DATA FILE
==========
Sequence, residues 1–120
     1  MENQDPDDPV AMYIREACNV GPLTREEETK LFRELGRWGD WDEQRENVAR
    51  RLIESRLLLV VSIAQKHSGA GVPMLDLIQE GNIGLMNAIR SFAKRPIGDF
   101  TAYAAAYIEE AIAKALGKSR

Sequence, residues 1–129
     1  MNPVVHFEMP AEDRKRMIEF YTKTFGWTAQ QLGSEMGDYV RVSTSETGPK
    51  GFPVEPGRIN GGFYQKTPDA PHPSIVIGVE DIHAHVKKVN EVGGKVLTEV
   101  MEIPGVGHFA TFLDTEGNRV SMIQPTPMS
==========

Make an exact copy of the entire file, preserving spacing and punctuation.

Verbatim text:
Sequence, residues 1–120
     1  MENQDPDDPV AMYIREACNV GPLTREEETK LFRELGRWGD WDEQRENVAR
    51  RLIESRLLLV VSIAQKHSGA GVPMLDLIQE GNIGLMNAIR SFAKRPIGDF
   101  TAYAAAYIEE AIAKALGKSR

Sequence, residues 1–129
     1  MNPVVHFEMP AEDRKRMIEF YTKTFGWTAQ QLGSEMGDYV RVSTSETGPK
    51  GFPVEPGRIN GGFYQKTPDA PHPSIVIGVE DIHAHVKKVN EVGGKVLTEV
   101  MEIPGVGHFA TFLDTEGNRV SMIQPTPMS